A new Danfoss Impact paper reveals that with hydrogen production set to consume more than half of today’s electricity demand by 2050, energy efficiency in its production is paramount. Decisive steps must be taken to scale its production for use in the hard to abate sectors, without putting an unmanageable strain on renewable energy production or financial resources.

Danfoss calls for a nuanced approach to green hydrogen, because it will play a critical role in the transition away from fossil fuels. However more focus needs to be put on how we use and produce green hydrogen in the most efficient way, lowering cost and the demand for renewables.

"The MENA region, with its abundant renewable energy resources, stands at the forefront of the green hydrogen revolution," said Ziad Al Bawaliz, Regional President, Danfoss Turkey, Middle East and Africa and added: "By harnessing these resources efficiently, we can lead the global transition to sustainable energy, significantly reducing our carbon footprint while driving economic growth. It is imperative that we implement cutting-edge technologies to optimize hydrogen production, ensuring that it serves as a powerful catalyst for decarbonizing our hardest-to-abate sectors, such as heavy industry and long-distance transport."

Crucially, hydrogen production should be recognized as a limited resource that must be strategically allocated to sectors that are otherwise challenging to decarbonize such as heavy industry and long-distance transport.

"The potential of hydrogen as a clean energy carrier is immense," stated Mika Kulju, President, Danfoss Power Electronics and Drives. "But it must be produced efficiently to minimize costs, and we need to deploy it judiciously. To maximize its impact, which is paramount, green hydrogen should be channeled into sectors where alternatives to fossil fuels are limited, ensuring the greatest reduction in greenhouse gas emissions."

With green hydrogen production requiring immense amounts of electricity, energy efficiency in its production is vital to its sustainability.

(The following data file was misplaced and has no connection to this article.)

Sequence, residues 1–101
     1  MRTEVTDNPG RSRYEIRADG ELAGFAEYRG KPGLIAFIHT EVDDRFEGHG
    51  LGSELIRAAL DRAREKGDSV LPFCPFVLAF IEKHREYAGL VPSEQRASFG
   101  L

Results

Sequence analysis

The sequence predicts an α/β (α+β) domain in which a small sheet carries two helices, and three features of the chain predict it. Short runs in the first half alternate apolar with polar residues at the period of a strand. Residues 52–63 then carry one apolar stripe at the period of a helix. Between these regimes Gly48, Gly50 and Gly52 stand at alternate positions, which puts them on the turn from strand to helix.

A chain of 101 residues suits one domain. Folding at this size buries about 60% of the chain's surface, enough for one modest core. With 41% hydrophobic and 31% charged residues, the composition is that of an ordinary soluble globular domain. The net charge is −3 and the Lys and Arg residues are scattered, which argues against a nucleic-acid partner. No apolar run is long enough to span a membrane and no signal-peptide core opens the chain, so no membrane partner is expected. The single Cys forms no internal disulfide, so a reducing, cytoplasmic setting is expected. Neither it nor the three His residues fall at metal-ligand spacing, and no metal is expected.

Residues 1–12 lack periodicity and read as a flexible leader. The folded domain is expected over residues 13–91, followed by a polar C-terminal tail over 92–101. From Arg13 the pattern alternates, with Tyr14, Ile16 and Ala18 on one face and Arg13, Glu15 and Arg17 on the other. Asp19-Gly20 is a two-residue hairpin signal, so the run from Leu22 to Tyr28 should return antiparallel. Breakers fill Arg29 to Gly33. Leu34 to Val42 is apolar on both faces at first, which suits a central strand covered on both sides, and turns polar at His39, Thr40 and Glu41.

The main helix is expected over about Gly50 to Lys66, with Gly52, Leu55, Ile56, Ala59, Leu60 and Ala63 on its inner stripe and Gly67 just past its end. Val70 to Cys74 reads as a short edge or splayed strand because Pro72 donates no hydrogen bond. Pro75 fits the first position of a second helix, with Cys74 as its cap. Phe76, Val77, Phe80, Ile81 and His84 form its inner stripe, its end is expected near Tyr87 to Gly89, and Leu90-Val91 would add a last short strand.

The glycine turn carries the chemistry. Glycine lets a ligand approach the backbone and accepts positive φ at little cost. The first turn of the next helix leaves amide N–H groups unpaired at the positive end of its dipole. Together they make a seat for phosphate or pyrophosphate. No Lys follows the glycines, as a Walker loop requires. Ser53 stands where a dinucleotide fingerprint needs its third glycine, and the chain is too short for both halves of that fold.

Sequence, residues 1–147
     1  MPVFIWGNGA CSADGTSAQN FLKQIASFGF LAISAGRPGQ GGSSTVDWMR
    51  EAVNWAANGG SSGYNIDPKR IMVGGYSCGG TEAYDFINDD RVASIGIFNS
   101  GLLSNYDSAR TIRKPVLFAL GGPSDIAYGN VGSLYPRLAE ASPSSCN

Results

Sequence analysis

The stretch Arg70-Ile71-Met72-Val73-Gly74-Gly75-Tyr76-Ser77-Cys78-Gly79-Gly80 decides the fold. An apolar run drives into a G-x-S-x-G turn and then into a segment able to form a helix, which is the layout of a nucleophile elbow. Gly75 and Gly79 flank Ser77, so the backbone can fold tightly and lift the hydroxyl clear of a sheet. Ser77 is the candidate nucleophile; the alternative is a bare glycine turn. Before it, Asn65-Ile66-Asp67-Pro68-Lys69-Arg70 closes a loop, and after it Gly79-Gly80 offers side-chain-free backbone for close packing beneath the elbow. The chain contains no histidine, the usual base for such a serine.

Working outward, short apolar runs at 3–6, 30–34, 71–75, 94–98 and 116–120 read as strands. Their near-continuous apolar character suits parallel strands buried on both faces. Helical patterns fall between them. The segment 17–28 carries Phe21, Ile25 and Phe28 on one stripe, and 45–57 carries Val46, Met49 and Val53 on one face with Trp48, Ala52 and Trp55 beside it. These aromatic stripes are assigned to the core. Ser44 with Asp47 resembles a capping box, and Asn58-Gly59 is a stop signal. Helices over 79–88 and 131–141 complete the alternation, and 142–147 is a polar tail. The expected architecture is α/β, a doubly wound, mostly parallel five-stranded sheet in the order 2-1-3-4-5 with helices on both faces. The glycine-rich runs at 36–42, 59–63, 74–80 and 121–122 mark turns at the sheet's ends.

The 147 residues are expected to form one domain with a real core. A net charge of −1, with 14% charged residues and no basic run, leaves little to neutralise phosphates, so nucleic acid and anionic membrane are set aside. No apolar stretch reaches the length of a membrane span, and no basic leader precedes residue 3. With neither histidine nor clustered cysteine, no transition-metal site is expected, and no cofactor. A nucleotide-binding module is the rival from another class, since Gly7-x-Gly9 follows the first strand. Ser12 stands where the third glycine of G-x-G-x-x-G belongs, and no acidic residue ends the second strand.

While current green hydrogen conversion processes incur an energy loss of approximately 30per cent, existing technology can minimize this loss.

For instance, efficient converters converting alternating current (AC) to direct current (DC) for electrolyzers can increase overall production efficiency by roughly 1per cent. Though seemingly small, a saving of 1per cent of the electricity demand in 2050 for hydrogen is enough to power London for almost four years.

Hydrogen holds significant promise in many countries' climate strategies, with substantial funding programs underway globally. However, rapid action is necessary.

To realize the goals set by the Paris Agreement, global electrolysis capacity must reach more than 550 GW by 2030. Green hydrogen production can grow massively by 2030, but cost challenges are hampering deployment.

In fact, hydrogen-dedicated renewable energy capacity is expected to grow by 45 GW between 2022 and 2028, some 35per cent lower than forecast a year ago due to slow progress on real-world implementation, the International Energy Agency (IEA) said in its latest Renewables report.

“Hydrogen is no silver bullet, but we need to speed up cost-efficient, green hydrogen production because there is no doubt that hydrogen will play a crucial part in the green transition,” stated Kulju.

Recovering excess heat from electrolysis is another vital energy efficiency measure. Hydrogen production creates incredible amounts of excess heat. In the EU alone, about 114 TWh can be recovered already by 2030, enough to cover Germany’s current domestic heating more than two times.

Kulju added: “The potential of recovering excess heat from electrolysis is so enormous that it would be a severe policy mistake not to consider it when planning future energy infrastructure. That’s also why it’s so critical to set the right regulatory and economic framework for an efficient large-scale rollout of hydrogen.”

The new Danfoss Impact paper, “Green hydrogen: A critical balancing act”, presents a balanced approach to hydrogen where efficiency and affordability play a key role.

Key takeaways:

•By 2050, hydrogen production will require more than half of today’s total electricity demand.

•Green hydrogen should be considered a limited resource and prioritized for sectors that are otherwise hard to decarbonize.

•Hydrogen currently remains concentrated in traditional applications, but a rapid upscaling in hard to abate sectors like heavy industry and long-distance transport is necessary.

•Green hydrogen must be produced efficiently by minimizing the cost, energy loss, and energy demand of its production.

•Conversion of electricity to hydrogen currently creates an energy loss of roughly 30per cent but there are technologies available today to reduce this loss. 

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